My wife and I travelled to Romania last month for a reunion with friends with whom I canoed down the Danube River in 1964. We arrived in Bucharest on a Saturday afternoon, and our friend Dan Dimancescu drove us into town from the airport.
As he drove us, Dan drove us into town from the airport, he remarked on the variety of architectural styles we were passing. The buildings are cross-dressers, a dogmatic architect’s nightmare. Cheek by jowl are houses that were unselfconsciously bedecked Victorian gingerbread, or Austro-Hungarian monumentalism, or concrete excrescences that might as well be tombstones, and too much more to put into one sentence.
Romania has been invaded by Romans, Saxons, Ottomans, Austro-Hungarians, Russian czarists, Russian communists, and now an assortment of Western Europeans. All of these invaders have left their mark on Bucharest. The diversity of styles has to be seen to be believed. A quarter century after the fall of the Iron Curtain, the rebuilding efforts have been similarly diverse and uneven.
In the old town, we stayed in a seven-storey hotel that used to be a gin factory. Next door was an equally tall relic with what seemed to be mostly vacant units, but the top floor was obviously being used. The windows weren’t cracked or broken as on the other floors, there were some flower boxes, an air conditioner hummed, and at night a few lights appeared.
Bucharest is full of derelict buildings such as this one, occupied by what seems like a few squatters. Right next door to one of these half-vacant buildings will be a resplendent copper dome capping a structure that appears to have been used as target practise by German tanks.
The whole effect was disconcerting to us. While it was easy to relish the diversity of styles, the whole city seemed a bit like its individual buildings – a bit of this, a bit of that, magnificently restored and totally run down, with reconstruction proceeding in fits and starts.
We in North America who are anxious to make our settlements more sustainable often look longingly to Europe’s cities as examples of sensible urban development – better transit, less sprawl, less garbage, careful energy policies, and greener streetscapes. Unfortunately, much of the Bucharest that we saw (granted, it was right downtown) was lacking in greenery, although farther out there were some large parks. Here and there, however, there was unexpected and wonderfully welcome greenery, some of it like this tiny cloister next to a beautiful old church in the heart of the old town.
In the old town, where we stayed, there is a warren of car free streets packed with restaurants. The diners we saw were mostly twenty-somethings, most of them smoking. There are other districts of the city with small, leafy streets, but they are all separated by busy six- and eight-lane arterial roads. While the old town was mostly pedestrian-oriented, in the rest of the city the car rules. Driver aggressiveness rivals that in Paris and Toronto. As tourists we felt quite restricted by these big arteries, which were barriers to our getting around.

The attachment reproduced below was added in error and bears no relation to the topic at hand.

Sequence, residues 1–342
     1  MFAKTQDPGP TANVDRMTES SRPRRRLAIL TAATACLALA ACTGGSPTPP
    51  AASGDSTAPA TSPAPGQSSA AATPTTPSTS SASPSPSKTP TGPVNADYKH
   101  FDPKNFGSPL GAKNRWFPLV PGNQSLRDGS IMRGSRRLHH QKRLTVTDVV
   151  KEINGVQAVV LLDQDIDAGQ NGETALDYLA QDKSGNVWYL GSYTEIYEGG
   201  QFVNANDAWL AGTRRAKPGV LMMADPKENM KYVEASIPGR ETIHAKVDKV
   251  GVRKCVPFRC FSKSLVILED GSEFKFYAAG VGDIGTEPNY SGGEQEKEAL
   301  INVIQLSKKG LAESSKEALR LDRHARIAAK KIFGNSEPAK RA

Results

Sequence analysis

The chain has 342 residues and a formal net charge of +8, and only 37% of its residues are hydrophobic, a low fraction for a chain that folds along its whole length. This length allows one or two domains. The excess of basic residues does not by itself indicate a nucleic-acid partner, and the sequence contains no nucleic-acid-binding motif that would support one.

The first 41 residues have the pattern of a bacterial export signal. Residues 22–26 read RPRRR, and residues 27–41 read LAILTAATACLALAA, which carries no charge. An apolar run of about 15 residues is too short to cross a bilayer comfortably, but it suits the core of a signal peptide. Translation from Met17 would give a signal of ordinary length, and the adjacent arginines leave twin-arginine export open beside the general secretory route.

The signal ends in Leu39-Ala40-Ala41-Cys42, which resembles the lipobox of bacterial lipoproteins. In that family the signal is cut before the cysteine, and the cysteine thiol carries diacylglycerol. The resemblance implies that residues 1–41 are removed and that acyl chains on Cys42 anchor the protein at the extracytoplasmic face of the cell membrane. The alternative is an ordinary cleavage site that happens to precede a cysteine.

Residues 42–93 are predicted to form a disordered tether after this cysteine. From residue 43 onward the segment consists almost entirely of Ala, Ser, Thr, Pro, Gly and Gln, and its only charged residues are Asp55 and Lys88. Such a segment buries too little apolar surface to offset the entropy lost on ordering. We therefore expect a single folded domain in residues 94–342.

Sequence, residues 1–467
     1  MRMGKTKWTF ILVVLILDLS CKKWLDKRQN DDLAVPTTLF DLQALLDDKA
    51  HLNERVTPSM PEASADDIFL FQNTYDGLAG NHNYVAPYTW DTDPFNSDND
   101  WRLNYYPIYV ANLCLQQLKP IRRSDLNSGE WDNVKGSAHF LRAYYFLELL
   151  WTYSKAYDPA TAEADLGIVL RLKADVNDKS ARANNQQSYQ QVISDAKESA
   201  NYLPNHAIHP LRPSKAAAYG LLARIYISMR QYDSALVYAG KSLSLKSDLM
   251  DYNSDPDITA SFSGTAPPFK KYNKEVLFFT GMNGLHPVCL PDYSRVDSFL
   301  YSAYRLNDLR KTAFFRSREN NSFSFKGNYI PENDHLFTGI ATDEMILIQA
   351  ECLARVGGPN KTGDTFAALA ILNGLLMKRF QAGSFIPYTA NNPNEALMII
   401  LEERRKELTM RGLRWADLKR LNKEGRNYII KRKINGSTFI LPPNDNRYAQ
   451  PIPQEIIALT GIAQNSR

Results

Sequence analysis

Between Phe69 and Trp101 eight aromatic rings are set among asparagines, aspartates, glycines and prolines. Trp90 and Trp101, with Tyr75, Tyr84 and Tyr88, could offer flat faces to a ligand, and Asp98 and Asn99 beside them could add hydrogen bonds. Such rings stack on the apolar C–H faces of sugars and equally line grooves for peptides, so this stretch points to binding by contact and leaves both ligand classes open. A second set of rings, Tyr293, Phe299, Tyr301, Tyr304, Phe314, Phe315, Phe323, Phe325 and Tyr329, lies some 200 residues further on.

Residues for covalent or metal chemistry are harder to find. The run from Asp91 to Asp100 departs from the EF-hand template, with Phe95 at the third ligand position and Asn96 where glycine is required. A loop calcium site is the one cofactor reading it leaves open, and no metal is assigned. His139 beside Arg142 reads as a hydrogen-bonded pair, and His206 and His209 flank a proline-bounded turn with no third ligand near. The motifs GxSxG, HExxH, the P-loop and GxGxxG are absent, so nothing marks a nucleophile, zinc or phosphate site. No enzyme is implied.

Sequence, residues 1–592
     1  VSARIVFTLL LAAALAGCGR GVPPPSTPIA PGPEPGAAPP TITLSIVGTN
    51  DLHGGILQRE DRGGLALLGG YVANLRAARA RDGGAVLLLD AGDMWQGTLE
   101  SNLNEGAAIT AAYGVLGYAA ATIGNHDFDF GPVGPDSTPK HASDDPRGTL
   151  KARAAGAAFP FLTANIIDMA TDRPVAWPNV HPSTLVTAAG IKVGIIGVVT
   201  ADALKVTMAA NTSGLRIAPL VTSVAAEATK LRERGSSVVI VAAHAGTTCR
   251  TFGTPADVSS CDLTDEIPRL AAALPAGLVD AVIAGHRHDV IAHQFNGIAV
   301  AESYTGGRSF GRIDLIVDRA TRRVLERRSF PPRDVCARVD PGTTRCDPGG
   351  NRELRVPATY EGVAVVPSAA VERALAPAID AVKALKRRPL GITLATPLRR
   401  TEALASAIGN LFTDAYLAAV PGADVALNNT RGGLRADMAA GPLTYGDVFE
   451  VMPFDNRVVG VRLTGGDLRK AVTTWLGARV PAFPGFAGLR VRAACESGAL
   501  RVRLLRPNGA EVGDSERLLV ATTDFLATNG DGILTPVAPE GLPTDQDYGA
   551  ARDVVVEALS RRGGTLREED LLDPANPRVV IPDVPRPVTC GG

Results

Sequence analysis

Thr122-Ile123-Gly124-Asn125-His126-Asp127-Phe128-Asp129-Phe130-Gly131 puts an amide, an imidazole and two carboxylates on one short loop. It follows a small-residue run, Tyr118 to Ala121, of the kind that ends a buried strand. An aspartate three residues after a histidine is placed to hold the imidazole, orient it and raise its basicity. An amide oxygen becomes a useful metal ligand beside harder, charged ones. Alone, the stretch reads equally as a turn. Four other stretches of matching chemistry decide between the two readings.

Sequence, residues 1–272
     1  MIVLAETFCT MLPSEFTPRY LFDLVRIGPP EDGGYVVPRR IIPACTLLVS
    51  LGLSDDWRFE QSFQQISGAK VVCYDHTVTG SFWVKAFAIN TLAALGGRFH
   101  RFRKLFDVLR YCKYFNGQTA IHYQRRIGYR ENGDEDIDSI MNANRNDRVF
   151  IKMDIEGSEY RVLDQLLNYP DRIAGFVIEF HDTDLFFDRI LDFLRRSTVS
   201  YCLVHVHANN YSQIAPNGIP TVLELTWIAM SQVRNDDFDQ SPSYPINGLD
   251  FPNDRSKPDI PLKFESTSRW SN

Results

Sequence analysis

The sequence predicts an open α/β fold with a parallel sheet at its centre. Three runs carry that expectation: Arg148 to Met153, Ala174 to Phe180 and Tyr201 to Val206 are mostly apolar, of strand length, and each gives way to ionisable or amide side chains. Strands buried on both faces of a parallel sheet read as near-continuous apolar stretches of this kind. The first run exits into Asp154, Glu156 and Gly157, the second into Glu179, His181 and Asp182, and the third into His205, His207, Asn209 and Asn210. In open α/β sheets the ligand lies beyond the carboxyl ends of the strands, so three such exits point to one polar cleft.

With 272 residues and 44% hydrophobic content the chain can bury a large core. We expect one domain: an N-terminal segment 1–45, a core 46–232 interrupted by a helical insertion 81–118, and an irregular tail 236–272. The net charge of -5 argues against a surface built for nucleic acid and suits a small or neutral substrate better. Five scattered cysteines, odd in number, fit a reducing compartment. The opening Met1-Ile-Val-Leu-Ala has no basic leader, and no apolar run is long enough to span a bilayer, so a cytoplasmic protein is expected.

Bucharest, then, seemed fragmented and a bit shopworn, but it also had signs here and there of real exuberance and even artistic vitality. As North Americans we appreciated the city’s diversity, which is missing in most of our cities.
After Bucharest, we spent four days at an inn in the Transylvanian Mountains. It had been built by our friend Dan Dimancescu, who grew up and lives mostly in the U.S., but whose ties to Romania remain strong. We drove north from the city into the steep winding valleys, flanked by high peaks, spending an hour in fading light trying to find the badly marked dirt road that wound up the mountainside to the inn.
It was a terrible road, full of potholes that shook us to the bone. We climbed up through a replanted forest for fifteen minutes. Then the trees vanished and the road, if possible, got worse. We were on top of a ridge, with steep meadows falling away on either side. To our surprise, there was a small tourist hotel, a newly built church near a big house, and a number of other buildings scattered about. We learned later that these smaller structures were barns where farmers from the valley stored their hay cut from fields they own up in the high meadows.
Dan’s inn is at the end of the road. It’s meadowed ridge is at a thousand meters and looks like the back of a dragon. Looming over it to the east is a 2500-meter massif with a rocky shale top that is treacherous to climbers, but sacred to Romanians as the center of the world.
Somehow, a few centuries ago, they managed to put a cross on top, which is seldom visible because the mountains’ summits are usually shrouded in clouds.
But when we arrived that night, and for the next two days, we couldn’t see all this splendour. We were socked in with fog and rain. Our focus wandered to the sodden meadows at our feet, where another splendour awaited us. The different grasses were set off by brilliant wildflowers, millions of pinpoints of intense colour. The red clover made my back garden’s versions look positively anaemic. There were field daisies, lupine, buttercups, snapdragons, miniature bachelors’ buttons, even yarrow.
The grass seed heads, gently purple, were bending gracefully under their loads of moisture, perhaps the most breathtaking beauty of all.
This wildflower diversity was as uncontrived as the architectural diversity of Bucharest. The meadow was still a human artifact, but Mother Nature’s abundance and creativity had been allowed to express themselves as well. Rebuilders of Bucharest, take note.